Fun With Coding: Rubik's Cube Challenge
While fiddling with a Rubik's Cube, I began to wonder if all I do is rotate the cube clockwise, then turn the right side clockwise, then repeat, could I get the cube back to its solved state? And how long would it take?
So I tried it...
And I found out something interesting! After doing this 60 times, the top was solved! Also every 10 times, the cross on top came back. Interesting. I thought the pattern would be in multiples of 4 instead of 10.
The bottom though was not restored at all.
So I set out to see how many times it would take to get the bottom back. At first I was thinking 60 for the top and 60 tops for the bottom, so 3600. But that seemed a bit extreme - though not unheard of for Rubik's Cube complexity! But maybe 10 sets of 60 might do it. So I set out to try. With 2 - 3 seconds for each maneuver and 60 maneuvers per set, that's 2 - 3 minutes per set. With 10 sets that's...turning the cube for nearly a half hour straight.
I paced myself. Front was the same color (well, the center of it anyway) after each 60 set and the top was solved, so I could always know where I was. I got to 10 sets and...
It wasn't solved on the bottom.
That didn't deter me...well it did for a little while.
But then I decided to look up how to code a Rubik's Cube!! Don't get too excited; it's another spreadsheet.
I'm actually enjoying coding on spreadsheets now. Since it's a visual thing and all I'm doing is moving colors around, I figured that's exactly what a spreadsheet does. I won't have to code color squares or be unpleasant and use text to represent colors (Y1, Y2 for yellow).
So back to Excel I go to write more macros!
First we need to set up the sheet to look like a flattened cube.
Done. Oh, and throw some rules down while I'm at it.
Now to write some code. We need to map out our two moves:
- Rotate the cube clockwise
- Turn the right side clockwise
The advantage of using a spreadsheet here, is with embedded macros. These macros are just recorded actions from spreadsheet activity and translated to VBA code (Visual Basic for Applications). So you start recording the macro, move colors around to represent the move you're recording, then stop recording. In your macro viewer you will find all the code for that action. Here is the code for rotating the cube.
...and a bunch more of basically the same stuff: copy this cell and move it. It's quite long because I copy it all to a blank temporary cube placed below the main cube to make a cleaner transition: move to temporary space, make changes, move back. Turning the right side follows basically the same principle (including in length of code), so I won't post more of that.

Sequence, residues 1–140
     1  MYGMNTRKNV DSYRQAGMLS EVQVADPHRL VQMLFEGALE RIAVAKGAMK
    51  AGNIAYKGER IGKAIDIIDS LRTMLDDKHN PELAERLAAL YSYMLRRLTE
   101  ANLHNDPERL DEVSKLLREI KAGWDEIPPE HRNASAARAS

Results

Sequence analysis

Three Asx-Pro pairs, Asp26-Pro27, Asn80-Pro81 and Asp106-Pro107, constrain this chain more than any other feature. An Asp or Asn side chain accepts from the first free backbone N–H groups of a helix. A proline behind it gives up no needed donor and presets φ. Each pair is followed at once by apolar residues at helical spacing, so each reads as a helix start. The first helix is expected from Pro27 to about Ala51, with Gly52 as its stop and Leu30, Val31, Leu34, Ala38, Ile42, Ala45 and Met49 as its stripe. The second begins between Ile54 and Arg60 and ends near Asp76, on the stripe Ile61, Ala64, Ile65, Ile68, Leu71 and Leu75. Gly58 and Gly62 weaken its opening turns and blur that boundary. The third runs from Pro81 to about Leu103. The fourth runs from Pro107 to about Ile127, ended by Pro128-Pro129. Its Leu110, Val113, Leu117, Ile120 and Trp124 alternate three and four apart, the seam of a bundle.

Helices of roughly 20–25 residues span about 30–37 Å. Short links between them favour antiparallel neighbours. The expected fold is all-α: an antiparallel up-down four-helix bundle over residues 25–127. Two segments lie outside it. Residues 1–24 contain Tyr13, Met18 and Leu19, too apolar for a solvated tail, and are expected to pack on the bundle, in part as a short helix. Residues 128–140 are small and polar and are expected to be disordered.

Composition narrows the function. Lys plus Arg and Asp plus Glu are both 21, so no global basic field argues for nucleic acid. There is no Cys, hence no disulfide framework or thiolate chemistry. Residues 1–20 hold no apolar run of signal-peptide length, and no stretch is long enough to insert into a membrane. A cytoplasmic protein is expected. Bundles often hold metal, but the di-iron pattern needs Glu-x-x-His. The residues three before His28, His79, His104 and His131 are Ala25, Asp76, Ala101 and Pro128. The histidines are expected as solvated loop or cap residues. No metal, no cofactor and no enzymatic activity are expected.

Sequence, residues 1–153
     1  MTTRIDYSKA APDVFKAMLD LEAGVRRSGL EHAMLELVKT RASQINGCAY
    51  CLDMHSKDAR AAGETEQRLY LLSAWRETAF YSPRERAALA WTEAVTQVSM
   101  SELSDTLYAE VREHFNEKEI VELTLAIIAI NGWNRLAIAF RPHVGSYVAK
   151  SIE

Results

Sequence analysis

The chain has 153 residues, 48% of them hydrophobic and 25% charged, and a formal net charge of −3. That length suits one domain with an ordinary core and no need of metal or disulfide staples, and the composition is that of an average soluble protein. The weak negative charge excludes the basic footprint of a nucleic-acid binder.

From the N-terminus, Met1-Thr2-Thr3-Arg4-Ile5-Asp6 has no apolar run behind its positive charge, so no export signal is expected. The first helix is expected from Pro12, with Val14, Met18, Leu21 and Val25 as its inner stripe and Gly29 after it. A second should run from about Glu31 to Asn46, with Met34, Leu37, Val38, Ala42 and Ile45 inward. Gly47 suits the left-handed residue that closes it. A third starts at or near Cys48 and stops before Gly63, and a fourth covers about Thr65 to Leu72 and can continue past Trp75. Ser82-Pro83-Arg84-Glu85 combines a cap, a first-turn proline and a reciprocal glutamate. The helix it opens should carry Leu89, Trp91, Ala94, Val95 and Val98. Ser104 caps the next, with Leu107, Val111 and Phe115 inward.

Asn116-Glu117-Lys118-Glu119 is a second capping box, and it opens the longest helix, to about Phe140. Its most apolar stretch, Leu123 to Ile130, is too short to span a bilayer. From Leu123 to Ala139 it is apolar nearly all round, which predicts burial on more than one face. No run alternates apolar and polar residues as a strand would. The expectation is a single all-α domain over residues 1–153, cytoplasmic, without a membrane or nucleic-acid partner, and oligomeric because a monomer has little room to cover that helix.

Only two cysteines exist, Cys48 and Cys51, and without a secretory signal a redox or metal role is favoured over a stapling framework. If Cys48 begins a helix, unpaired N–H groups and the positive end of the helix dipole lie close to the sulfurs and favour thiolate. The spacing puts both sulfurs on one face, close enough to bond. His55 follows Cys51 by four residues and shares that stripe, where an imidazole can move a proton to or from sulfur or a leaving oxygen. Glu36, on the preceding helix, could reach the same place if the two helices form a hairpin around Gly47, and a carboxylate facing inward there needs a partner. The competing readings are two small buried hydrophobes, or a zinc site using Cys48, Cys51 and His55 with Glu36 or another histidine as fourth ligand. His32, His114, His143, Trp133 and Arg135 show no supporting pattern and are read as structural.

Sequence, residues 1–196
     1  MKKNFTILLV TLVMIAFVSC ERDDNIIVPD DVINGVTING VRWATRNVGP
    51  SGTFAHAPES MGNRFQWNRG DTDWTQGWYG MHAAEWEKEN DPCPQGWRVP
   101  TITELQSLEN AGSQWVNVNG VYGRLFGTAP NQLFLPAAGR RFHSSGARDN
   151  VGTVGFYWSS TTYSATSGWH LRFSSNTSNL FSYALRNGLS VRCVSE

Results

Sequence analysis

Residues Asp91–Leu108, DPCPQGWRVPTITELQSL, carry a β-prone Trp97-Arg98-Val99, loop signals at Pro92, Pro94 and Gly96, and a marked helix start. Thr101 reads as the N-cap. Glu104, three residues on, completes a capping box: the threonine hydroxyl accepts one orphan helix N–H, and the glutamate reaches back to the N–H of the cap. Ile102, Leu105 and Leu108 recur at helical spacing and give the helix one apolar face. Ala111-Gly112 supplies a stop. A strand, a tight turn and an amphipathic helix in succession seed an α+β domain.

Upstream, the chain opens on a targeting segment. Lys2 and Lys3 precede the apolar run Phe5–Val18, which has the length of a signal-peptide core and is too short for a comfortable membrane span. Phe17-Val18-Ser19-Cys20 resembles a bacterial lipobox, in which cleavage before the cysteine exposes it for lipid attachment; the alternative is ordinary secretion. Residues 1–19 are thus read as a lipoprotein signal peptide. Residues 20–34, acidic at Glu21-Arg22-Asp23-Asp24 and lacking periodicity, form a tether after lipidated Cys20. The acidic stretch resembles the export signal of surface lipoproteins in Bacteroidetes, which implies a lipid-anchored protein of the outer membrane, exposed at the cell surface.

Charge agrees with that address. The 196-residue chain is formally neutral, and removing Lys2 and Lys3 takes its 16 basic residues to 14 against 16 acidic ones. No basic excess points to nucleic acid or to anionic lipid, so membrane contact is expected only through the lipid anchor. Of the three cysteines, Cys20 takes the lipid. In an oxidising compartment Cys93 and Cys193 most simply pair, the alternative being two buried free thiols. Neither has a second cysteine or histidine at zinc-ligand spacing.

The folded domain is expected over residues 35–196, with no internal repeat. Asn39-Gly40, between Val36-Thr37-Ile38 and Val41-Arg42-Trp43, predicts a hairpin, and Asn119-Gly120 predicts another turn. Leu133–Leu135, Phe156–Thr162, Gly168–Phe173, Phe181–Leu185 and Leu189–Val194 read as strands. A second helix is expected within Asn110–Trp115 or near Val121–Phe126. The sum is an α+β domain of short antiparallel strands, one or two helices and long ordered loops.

Then to keep it tidy so there aren't black border lines running about, I clear and redraw the boxes.
There. One move done. 59 more to go to complete a set. Let's make a loop.
Here we repeat the process of rotating the cube, turning the right side, and doing a couple more things I haven't yet talked about that may or may nor be important... #foreshadowing
So there we are. I have this macro set to run 60 times when you press Ctrl-R. While watching I happened to see the bottom get solved in the middle of a run. I thought it might have been a fluke with refresh times on the sheet; shouldn't it not get solved until the top one does?
Then I added some color checker code. after each pass, it'll check to see if all bottom squares match. If so, declare "Match!" and say which pass number that was. I saw that it happened on the 13th run on pass number 36. So I started the whole thing over to see when the first one happened. This is what the result looked like.
The number 65535 represents Yellow and 16777215 represents White. It's the end of a run, so the top is solved. But you can see in the lower right that the bottom was solved on pass 12 of the 5th run. How many passes is that? 4 complete runs is 240, plus 12 is 252. Wait a minute, what's that other solved yellow? 12 completed runs is 720, plus another 36 passes is 756. 756 / 252 = 3, so it looks like we have a pattern. Now if there is a least common multiple we can find between 60 and 252, that should be where we may have it all solved.
And there is a multiple. 252 * 5 = 1260. And you know what? 60 * 21 = 1260 too. We should be able to have a fully solved cube in 21 runs. Let's try it!
Pass number 1259...
1260!!!!!!!! I did it!!
And boy are my Excel-hands tired! LOL!
I hope you enjoyed exploring this code/puzzle/spreadsheet challenge with me today. If you have any other math or coding problems, let me know! I'll see f I can find a solution!